Literacy is an important and complex ability for educational achievement across age groups.13,17,21,22,28 As early as in the first and second grades, children acquire skills related to decoding (sounding out and recognizing written words), spelling and composition (writing words and sentences correctly), reading comprehension (understanding the meaning of what is read), and reading fluency (reading quickly without mistakes).2,3,5,7,17,26,27 Research shows that girls often outperform boys in terms of general literacy as assessed in terms of data from national standardized tests2,7 across age groups. Girls also show better performance in spelling, vocabulary use, as well as compositional organization and fluency.2,7 In addition, reading diagnostic tests also reveal that boys also tend to have higher rates of dyslexia.11,5 However, the reasons leading to this persistent gender gap in reading and writing achievement remain ambiguous.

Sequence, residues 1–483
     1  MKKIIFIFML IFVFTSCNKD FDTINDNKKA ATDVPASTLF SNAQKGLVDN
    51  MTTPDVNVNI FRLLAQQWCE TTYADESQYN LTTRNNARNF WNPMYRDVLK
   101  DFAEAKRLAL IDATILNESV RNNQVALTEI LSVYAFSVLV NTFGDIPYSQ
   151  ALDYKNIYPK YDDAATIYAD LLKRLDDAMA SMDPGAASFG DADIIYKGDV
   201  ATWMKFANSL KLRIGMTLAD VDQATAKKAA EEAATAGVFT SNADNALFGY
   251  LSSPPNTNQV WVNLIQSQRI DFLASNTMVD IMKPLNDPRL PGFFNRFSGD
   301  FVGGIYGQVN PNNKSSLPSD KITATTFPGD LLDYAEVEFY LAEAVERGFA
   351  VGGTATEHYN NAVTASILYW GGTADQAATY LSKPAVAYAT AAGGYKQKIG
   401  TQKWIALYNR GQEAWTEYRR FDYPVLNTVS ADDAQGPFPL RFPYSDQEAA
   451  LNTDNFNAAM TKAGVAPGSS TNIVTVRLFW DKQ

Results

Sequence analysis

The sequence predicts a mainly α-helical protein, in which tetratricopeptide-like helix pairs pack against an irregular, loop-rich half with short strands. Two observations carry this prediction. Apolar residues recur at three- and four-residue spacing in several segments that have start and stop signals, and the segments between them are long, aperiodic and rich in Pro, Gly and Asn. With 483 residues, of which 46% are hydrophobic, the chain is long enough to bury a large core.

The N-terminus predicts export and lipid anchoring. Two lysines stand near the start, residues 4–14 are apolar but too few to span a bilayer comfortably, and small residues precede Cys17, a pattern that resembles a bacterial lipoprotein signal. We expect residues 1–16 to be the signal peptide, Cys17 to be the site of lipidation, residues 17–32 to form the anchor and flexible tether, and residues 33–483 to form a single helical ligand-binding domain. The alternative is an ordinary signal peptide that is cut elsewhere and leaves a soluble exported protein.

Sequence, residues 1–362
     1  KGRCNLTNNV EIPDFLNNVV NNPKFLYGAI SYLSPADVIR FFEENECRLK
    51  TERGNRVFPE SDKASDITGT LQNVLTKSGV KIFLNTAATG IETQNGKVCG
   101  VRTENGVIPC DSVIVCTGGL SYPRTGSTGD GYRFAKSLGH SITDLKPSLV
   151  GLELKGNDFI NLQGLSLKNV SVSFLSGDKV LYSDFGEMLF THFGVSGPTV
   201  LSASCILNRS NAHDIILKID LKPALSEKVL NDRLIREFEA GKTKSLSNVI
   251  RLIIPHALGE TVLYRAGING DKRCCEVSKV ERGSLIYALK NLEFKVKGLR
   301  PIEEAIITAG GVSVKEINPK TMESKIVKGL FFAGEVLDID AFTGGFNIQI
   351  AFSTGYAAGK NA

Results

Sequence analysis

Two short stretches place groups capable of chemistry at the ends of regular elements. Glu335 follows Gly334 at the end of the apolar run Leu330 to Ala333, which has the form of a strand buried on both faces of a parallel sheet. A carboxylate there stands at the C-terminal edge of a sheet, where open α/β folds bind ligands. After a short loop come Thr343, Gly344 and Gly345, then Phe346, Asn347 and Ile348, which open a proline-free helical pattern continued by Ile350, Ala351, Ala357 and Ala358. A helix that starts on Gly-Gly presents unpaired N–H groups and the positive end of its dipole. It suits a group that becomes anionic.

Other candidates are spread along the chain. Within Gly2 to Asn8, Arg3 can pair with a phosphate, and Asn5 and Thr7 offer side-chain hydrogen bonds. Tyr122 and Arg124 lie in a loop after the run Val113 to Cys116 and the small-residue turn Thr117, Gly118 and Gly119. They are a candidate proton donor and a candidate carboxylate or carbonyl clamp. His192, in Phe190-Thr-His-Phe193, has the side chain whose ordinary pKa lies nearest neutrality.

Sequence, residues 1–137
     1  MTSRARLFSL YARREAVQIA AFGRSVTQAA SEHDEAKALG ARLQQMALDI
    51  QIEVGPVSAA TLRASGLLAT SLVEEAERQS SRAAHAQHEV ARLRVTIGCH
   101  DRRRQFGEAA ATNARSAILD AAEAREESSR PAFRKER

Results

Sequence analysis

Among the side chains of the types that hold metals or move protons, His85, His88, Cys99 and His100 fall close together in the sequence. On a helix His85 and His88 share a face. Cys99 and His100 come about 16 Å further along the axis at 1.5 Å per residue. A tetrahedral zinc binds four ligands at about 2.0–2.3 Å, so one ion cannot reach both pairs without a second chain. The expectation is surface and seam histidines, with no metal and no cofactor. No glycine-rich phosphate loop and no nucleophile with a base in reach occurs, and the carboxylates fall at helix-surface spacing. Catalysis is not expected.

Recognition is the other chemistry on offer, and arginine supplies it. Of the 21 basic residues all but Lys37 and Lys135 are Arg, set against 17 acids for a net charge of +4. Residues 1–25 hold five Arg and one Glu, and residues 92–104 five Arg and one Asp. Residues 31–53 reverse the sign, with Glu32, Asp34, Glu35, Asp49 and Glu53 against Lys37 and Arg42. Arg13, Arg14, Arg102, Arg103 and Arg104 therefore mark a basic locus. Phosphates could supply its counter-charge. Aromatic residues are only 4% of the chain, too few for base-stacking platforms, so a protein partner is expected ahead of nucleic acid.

Research has shown that the most important precursors to the acquisition of literacy skills are in the oral language domain and in the code-related domain.29 Particularly, preschool vocabulary (oral language domain; comprehension and verbal), letter knowledge (code-related domain; letter-sound correspondences, letter recognition/writing) and phonological awareness (code-related domain; especially implicit phonological awareness of rime and alliteration) skills, which constitute the building blocks for literacy acquisition, are strongly correlated with actual literacy related performance in later grades.29 In addition, these skills are not all acquired in the same manner. Skills such as vocabulary and letter knowledge are highly dependent on environmental factors24,30 and need explicit instruction while phonological skills seem to be genetic and developmental.8,23